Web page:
Whether you go full cloud native or opt for a “lift and shift” approach, there are numerous benefits that cloudification can provide if you still host systems on-premise, especially given the current volatile economic climate. Here’s how cloudification sets organizations up to maintain operational continuity when uncertainty hits and business results are threatened.
How cloudification allows for business continuity
Director, Delivery Unit Management
9 min read
In times of crisis, businesses seek solutions that allow for continuity. By cloudifying their systems, organizations of all sizes from across sectors can create the necessary conditions for their operations to run smoothly and teams to remain productive.
Cloudification removes the need for human presence
Many organizations still host their own in-house servers, which require engineers to be on-site to be able to monitor and maintain them. However, when difficult times hit, certain team members might not be able to - or shouldn’t - be physically present where the servers are.
At times like these, either the servers are left in danger by not being tended to, or the employees themselves are put in danger by attending to them. On-premise systems prevent a smooth transition into becoming fully remote when circumstances require it.
When systems are hosted in the cloud, all of this maintenance and monitoring is taken care of by the provider. Businesses needn't worry about the physical monitoring of their servers and the need for in-person maintenance if unexpected circumstances arise.
Cloudification also allows for easier remote working as teams can securely access applications from their own devices using secure cloud platforms. For example, financial services company Edelweiss Group, which employs 9,000 people, is facilitating remote work by providing its employees with access to internal applications via Azure and AWS, using the security platforms of Zscaler and Microsoft.
Cloudification lets you scale easily
When servers run on-premise, there is no way to intuitively scale up when demand requires or scale down when traffic is lower. Running them in the cloud lets your systems auto-scale, meaning the impact of unexpected circumstances won’t leave you without processing power that you need, or paying for higher capacity than are required at any one time.
Let’s say an ecommerce business experiences a sudden uptick in demand for some of their products due to external events. The platform’s traffic will skyrocket, and they’ll need to scale up resources immediately. For example, in the US online sales of home fitness equipment went up by 55% in a week - a surge like this might cause the site of an unprepared business to crash. However, the contrary could also be true. External factors could lead to a drop in demand, in which case they would want to scale down and avoid unnecessary costs.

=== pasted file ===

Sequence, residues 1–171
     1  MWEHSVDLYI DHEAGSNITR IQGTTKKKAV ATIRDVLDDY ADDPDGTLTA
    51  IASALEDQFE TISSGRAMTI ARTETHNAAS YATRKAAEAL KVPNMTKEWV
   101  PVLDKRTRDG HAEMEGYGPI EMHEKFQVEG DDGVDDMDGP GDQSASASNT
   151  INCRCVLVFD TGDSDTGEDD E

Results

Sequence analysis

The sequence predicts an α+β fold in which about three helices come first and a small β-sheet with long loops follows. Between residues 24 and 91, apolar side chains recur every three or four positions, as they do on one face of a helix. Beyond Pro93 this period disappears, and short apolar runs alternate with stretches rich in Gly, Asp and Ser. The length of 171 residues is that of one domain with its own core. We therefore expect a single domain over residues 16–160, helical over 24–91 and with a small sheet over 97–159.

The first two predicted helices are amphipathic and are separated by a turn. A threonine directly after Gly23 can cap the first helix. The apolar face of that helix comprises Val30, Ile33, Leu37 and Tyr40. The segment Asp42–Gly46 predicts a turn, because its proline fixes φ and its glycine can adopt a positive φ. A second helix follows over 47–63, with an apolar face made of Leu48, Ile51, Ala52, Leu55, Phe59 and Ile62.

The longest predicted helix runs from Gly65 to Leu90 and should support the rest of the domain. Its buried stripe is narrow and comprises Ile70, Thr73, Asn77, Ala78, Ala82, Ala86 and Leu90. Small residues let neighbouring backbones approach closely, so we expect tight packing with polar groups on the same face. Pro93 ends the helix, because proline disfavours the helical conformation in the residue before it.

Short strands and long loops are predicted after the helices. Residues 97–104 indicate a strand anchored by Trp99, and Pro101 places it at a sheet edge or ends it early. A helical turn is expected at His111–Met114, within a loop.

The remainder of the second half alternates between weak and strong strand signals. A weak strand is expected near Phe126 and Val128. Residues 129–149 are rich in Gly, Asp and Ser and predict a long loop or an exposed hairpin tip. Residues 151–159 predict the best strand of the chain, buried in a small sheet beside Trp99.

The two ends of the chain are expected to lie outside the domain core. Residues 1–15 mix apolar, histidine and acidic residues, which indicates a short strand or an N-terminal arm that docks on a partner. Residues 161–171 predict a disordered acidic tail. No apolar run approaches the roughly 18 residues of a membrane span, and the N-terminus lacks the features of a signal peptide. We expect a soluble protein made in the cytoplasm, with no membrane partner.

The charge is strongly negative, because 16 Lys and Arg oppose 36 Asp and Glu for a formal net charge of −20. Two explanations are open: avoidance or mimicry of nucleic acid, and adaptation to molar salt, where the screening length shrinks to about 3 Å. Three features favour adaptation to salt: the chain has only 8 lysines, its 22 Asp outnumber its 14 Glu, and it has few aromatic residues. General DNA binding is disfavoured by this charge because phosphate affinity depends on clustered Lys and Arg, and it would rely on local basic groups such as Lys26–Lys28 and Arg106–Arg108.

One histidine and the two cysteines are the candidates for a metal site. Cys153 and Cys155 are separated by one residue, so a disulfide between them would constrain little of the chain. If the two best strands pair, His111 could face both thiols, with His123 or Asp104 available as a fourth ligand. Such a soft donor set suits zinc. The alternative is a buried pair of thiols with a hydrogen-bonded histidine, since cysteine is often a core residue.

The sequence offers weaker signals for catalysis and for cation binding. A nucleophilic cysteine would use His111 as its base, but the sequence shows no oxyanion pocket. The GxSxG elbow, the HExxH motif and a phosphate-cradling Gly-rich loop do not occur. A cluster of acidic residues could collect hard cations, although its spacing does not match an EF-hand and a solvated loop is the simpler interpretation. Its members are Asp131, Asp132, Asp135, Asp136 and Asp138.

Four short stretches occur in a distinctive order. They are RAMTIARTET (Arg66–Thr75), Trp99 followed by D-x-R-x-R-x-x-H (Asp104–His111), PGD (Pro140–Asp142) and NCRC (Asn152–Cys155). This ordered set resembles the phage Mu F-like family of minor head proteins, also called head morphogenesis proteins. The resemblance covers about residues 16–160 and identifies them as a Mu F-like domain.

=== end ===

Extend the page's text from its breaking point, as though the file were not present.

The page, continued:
In uncertain times, all businesses should be prioritizing cash flow and minimizing expenses. Cloudification is a great way to do this: Customers of Oracle cloud infrastructure typically save 30-50% overall by moving their applications to the cloud. In fact, cost optimization is the primary reason for 47% of enterprises’ cloud migration.
Cloudification offers better services
Businesses that choose to cloudify in times of crisis will also gain new access to services of the cloud provider. This includes everything from hosting the servers to additional services such as ML, computer vision, business intelligence, and hundreds of others.
AWS, whose customers include Netflix, Facebook, and Baidu, offers numerous services and products which cover a spectrum of what any company might need during its digital transformation process. For any organization looking to maintain continuity during unpredictable times, having access to these services will allow them to pivot their strategy and adapt when they need to by having resources at their fingertips.
For example, a retail business might need to quickly build their online shop as in-store sales dive. In this case, they could use Amazon Lightsail to rapidly deploy an open source solution, provided that they already have their stock management application in the cloud. They can shape this solution properly later on, but a quick deployment when an unexpected event hits helps the business avert the crisis and remain operational.
Another scenario where these services prove invaluable would be in the case of a company working with legacy applications. These applications often require a particular hardware and network/OS configuration, making it impractical - if not impossible - to simply install on employees’ laptops to enable them to work from home. After migrating these applications to the cloud, this company could use a service such as Amazon AppStream to access them securely from remote devices located across the globe.
For many companies, transitioning to the cloud might have long been on the cards, and it is unexpected circumstances that accelerate the decision. Whether the choice to migrate comes from necessity or simply a better understanding of the cloud’s business benefits during uncertain times, organizations should know that the switch to cloud computing will deliver value long after normalcy resumes.